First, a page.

PrivacyStar, through its mobile application and interactive website, provides its users with a variety of alternative services. With regard to the full featured mobile application, the services available to the user are the ability to reverse lookup a phone number, block a call from a specified number and to file a complaint with Federal Trade Commission (FTC) for those callers which the user has determined is a debt collector, telemarketer or scammer. The use of the website permits reverse lookup of a phone number and the ability to file complaints, but calls cannot be blocked through the use of the website. A PrivacyStar user may file a complaint with the FTC with regard to any caller (just as a person can file a complaint directly with the FTC for any caller of that person). These complaints may appear in their entirety within the PrivacyStar website or mobile applications, or in summary based on the type of complaint that is filed. Content displayed by the PrivacyStar service (including the PrivacyStar website and PrivacyStar mobile applications) is protected by copyright as a collective work and/or compilation. Any reproduction or redistribution of the site or the collective work is prohibited without the express written consent of PrivacyStar.
The information on this site is the aggregation of number lookups, blocked calls or complaints filed by PrivacyStar users utilizing the PrivacyStar mobile application or the PrivacyStar website with respect to the phone number of the caller. When filing a complaint, PrivacyStar users indicate the type of call received which is the basis of the complaint. None of the information provided within the PrivacyStar website or the mobile applications is associated directly to specific individual PrivacyStar users.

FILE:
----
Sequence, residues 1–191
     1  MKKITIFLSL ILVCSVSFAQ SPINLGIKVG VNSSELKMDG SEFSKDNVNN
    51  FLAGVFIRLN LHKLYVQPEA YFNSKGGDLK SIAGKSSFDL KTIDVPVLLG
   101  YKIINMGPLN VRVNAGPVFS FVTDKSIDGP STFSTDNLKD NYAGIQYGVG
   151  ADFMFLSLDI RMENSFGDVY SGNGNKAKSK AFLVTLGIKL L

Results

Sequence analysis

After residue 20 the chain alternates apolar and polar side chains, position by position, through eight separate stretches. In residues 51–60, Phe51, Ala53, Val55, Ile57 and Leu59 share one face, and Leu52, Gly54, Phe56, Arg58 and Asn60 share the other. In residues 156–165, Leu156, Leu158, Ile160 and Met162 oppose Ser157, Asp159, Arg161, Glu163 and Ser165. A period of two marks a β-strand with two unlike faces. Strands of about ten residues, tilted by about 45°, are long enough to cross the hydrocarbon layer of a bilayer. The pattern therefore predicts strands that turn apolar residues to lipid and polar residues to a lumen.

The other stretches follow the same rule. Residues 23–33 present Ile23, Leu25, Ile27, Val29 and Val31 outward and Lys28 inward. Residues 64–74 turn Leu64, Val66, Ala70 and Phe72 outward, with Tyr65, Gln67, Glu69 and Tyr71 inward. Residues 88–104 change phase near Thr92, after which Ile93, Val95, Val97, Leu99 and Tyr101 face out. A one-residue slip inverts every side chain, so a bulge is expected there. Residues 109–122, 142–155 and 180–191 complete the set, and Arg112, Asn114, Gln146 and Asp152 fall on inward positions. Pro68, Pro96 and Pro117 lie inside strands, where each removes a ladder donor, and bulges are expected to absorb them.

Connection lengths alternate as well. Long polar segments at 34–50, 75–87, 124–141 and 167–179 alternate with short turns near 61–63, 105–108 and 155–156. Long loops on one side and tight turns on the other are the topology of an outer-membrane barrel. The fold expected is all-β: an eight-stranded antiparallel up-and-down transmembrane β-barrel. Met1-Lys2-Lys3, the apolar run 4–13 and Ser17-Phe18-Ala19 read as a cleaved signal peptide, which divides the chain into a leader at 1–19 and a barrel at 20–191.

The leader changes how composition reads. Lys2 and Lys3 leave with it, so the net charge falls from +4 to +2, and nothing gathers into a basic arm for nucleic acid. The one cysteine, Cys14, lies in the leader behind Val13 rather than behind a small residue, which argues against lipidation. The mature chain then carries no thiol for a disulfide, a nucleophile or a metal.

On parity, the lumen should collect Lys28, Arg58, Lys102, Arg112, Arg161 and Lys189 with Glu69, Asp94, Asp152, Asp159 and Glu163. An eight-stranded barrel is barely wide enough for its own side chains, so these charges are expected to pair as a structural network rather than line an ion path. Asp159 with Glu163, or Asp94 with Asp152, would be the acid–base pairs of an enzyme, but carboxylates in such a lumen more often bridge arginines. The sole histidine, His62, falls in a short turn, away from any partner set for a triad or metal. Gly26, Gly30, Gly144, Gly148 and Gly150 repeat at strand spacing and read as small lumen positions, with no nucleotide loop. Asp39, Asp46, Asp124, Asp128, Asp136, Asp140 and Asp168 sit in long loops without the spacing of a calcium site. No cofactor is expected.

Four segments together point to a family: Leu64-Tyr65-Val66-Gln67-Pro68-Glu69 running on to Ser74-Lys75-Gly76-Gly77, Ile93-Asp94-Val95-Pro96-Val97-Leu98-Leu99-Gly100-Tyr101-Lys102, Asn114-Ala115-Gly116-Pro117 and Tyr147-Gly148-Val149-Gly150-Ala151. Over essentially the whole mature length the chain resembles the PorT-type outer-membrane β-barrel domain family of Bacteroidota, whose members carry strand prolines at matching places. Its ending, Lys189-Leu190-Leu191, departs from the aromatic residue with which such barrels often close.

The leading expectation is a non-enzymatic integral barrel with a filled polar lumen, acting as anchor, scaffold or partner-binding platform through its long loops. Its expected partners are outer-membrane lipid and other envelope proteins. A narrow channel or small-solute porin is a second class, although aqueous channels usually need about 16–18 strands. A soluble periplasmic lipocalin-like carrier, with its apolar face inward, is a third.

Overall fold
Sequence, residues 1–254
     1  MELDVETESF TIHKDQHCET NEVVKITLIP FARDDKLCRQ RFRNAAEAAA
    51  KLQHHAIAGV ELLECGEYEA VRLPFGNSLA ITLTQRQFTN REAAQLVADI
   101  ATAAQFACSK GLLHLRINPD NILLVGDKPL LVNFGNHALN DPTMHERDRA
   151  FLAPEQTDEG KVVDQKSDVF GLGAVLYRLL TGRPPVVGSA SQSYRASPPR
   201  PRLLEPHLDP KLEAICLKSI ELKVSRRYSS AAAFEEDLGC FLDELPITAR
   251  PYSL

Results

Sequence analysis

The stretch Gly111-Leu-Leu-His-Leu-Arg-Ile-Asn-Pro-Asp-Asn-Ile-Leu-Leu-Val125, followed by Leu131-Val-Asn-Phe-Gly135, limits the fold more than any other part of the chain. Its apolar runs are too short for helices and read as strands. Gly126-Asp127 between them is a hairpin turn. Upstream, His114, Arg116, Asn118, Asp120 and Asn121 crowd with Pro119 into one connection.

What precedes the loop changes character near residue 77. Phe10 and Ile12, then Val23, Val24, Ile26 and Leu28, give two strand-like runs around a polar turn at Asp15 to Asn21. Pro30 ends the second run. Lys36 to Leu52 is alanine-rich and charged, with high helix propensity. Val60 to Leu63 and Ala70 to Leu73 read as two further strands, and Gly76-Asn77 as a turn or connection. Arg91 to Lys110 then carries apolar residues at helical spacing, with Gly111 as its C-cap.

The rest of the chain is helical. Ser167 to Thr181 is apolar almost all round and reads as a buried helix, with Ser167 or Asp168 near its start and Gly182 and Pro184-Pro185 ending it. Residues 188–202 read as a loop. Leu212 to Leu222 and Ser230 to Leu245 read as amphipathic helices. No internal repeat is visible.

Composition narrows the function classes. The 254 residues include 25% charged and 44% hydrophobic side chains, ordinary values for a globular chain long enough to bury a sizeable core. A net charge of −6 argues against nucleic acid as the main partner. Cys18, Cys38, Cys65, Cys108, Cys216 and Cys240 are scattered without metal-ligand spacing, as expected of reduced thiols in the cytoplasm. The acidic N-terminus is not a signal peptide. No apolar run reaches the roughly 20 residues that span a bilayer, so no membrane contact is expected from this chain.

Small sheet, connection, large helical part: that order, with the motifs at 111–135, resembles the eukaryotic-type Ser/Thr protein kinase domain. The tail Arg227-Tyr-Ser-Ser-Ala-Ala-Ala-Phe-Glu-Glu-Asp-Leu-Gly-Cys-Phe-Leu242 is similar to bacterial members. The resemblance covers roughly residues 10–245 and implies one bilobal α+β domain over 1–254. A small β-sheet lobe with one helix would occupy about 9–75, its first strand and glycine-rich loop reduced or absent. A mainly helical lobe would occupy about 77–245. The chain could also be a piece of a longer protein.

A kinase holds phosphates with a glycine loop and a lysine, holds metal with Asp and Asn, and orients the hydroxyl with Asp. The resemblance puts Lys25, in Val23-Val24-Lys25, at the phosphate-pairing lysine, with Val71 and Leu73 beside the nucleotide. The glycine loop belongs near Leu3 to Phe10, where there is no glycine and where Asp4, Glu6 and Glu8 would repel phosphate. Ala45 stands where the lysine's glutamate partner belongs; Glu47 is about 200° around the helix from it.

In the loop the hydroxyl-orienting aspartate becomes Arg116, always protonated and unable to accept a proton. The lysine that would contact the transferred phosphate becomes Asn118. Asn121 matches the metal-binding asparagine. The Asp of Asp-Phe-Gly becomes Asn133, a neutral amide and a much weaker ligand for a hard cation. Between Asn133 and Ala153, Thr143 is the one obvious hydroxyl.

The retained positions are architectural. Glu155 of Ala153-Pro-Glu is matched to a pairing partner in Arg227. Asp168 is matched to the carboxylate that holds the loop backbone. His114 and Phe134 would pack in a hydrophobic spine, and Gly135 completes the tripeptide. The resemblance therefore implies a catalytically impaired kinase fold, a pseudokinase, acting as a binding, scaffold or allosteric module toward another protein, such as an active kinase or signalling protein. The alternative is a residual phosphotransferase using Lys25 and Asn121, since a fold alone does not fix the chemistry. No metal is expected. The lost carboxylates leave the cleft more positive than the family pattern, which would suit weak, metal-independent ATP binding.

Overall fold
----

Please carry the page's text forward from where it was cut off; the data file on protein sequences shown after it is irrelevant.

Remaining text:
PrivacyStar is an interactive computer service or service provider that allows and aggregates user-generated content. PrivacyStar does not monitor the accuracy of the information provided by PrivacyStar users and PrivacyStar is immune from liability with regard to the content that PrivacyStar posts.
This immunity, or protection from liability, is granted by the federal law called the Communications Decency Act or “CDA”, 47 U.S.C. § 230. In particular, the CDA provides that “No provider or user of an interactive computer service shall be treated as the publisher or speaker of any information provided by another information content provider.”
An internet search for “Communication Decency Act” will result in numerous links which will help you understand the law.
If you would like to contact PrivacyStar for assistance related to information provided within the PrivacyStar website or mobile applications, please visit https://www.privacystar.com/support.
Lawsuits are expensive for all parties involved, however, if you decide to sue PrivacyStar based on content which is about, or which you believe is about, you, please consider the following.
Rule 11 of the Federal Rules of Civil Procedure (and general each state’s court rules), requires there to be a good faith basis, after a reasonable investigation of the facts and law, for any pleading, including a Complaint, and that any pleading must not be for an improper purpose (such as harassment). Based upon this Rule, a court may invoke serious sanctions against you (and your attorney). There are also other penalties that a court may impose.
Since PrivacyStar is immune under the CDA, PrivacyStar will aggressively pursue its rights to protect against any improper legal proceeding, including any sanctions or other remedies available to it.
Providing transparency in the call process.